On July 16, 1883, John Urquilux, who held the title as aforesaid, conveyed the premises in controversy to the defendant Catherine Beysser; and she entered under the deed. Her husband testifies as follows:
" The deed was made in July, 1883, but it was subject to a lease which ended only on the twenty-fifth day of November, and it is then that we got possession of the land. We at once drove our cattle on it, between sixty and seventy head. We used the land for pasturage until the 23d of March, 1884. We had a herder to drive the cattle in charge on the land and watch them."
This was corroborated by the testimony of Mrs. Beysser and the herder, Fairbanks.
Part of the land was fit for cultivation, and part for pasturage only. (Fols. 163, 164, 211, 221.)
There is no evidence substantially conflicting with the foregoing. And there is nothing to show that during all this time there was any attempt at adverse possession by any one else, -- until the forcible dispossession by plaintiff in March, 1884. The defendant and her predecessors paid all the taxes.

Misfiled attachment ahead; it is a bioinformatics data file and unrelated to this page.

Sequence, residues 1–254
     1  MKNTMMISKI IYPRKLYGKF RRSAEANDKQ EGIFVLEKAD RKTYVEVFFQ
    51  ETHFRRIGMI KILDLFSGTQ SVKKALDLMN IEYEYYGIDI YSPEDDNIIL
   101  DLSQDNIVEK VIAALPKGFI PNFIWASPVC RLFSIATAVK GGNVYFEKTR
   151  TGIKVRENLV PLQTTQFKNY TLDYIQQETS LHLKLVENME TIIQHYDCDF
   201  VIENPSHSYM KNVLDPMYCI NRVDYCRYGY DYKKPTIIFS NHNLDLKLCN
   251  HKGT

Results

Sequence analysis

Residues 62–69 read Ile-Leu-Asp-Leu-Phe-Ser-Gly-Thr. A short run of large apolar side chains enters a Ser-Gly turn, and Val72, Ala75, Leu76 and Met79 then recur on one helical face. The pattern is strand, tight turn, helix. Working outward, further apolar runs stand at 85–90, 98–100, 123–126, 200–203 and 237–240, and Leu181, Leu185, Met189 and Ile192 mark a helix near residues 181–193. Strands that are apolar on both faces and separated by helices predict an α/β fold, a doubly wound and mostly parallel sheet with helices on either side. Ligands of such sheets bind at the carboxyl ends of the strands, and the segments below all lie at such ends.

We think the evidence shows a case of possession under color of title within the rule of Webber v. Clarke , 74 Cal. 11.
It is claimed that there was error in the admission of evidence. We are inclined to think that the declarations of Mrs. Beysser, while in possession, were [17 P. 646] admissible as part of the res gestae upon the question of the openness and notoriety of the possession. (See generally Draper v. Douglass , 23 Cal. 348.) But however this may be, we think that the answers were so vague that no injury could have resulted.
We see no error in the instructions, and therefore advise that the judgment and order appealed from be affirmed.
The Court. -- For the reasons given in the foregoing opinion, the judgment and order appealed from are affirmed.